Can the carpet beetle be harmful to humans?

I read on the internet that a carpet beetle larvae was found in a woman's stomach. What happens if we accidentally consume them or their eggs in our food or on plates cutlery etc. I have a carpet beetle problem at home and also have a baby so I am worried to distraction about the harm they could do to us. On the other hand the idea of using insecticides in the home could also be a problem for me with a newborn.   

Thanks

Marie

Any live carpet beetles (eggs/larvae/adults) accidentally consumed would die fairly quickly in the digestive tract so I really don't think there is any health risk there. Additionally they are not poisonous and don't carry any (human) diseases so really health issues are minor. Obviousy they can ruin your carpets, rugs, clothes etc though so if you are concerned maybe talk to either a pest control company or your local authority - they will be able to give you advice about controlling the beetles in a baby-friendly way.

For interest, below is the probable source of the "carpet beetle in a woman's stomach" - it sounds a bit disgusting, but not too scary!


A CARPET BEETLE LARVA (COLEOPTERA : DERMESTIDAE) FROM THE DIGESTIVE TRACT OF A WOMAN

Wilson and Judd 1956 Journal of Parasitology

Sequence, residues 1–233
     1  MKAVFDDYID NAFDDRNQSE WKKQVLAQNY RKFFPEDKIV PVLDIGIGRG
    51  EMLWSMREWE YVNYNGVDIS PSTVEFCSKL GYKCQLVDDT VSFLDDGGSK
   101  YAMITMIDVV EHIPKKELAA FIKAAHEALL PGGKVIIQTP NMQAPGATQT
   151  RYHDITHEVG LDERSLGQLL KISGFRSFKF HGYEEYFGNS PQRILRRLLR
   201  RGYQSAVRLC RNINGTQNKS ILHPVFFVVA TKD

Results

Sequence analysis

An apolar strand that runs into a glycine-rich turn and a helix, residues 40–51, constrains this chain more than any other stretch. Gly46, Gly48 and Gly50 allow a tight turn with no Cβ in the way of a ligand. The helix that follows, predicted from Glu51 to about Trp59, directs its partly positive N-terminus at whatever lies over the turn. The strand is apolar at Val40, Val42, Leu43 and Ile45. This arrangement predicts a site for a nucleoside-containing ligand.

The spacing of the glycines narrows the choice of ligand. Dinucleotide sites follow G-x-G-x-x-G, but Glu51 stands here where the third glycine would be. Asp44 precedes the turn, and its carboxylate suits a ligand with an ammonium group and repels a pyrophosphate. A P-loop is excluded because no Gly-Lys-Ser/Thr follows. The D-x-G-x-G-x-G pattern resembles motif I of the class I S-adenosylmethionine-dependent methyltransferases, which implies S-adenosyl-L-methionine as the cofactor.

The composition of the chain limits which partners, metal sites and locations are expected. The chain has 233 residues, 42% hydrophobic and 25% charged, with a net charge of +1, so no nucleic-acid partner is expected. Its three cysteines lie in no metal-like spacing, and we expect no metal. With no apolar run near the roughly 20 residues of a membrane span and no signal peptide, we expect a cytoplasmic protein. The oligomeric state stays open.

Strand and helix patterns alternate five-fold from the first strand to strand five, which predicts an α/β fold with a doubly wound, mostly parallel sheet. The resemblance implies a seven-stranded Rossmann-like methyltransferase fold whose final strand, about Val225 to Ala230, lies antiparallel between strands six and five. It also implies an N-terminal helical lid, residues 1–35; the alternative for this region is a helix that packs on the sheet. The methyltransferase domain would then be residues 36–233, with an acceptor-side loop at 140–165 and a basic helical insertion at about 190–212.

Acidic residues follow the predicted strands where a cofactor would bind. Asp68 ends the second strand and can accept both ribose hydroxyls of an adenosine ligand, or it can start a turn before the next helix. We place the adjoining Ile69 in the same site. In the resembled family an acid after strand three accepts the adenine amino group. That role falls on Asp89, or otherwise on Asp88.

On July 21, 1955 a woman forty-three years old in London, Ontario experienced a sensation of peri-anal itching, and suspecting the presence of pin-worms, examined a stool following a bowel movement. In it was found a small, dead "worm". When examined by the writer this proved to be a larva, 7 mm. long, of a beetle of the genus Attagenus as identified with keys in B. E. Rees (1943. Classification of the Dermestidae (larder, hide, and carpet beetles) based on larval characters, with a key to the North American genera. U.S. Dept. Agric., Miscell. Publ. No. 511). It closely resembled the larva of Attagenus piceus figured by A. Gibson and C. R. Twinn (1939. Household insects and their control. Dept. Agric., Canada, Publ. No. 642). A. piceus is a beetle of cosmopolitan distribution and its larva feeds on furs, skins, woolen fabrics, stored grains and cereals (Busvine, J. R. 1951. Insects and Hygiene. Methuen and Co., London).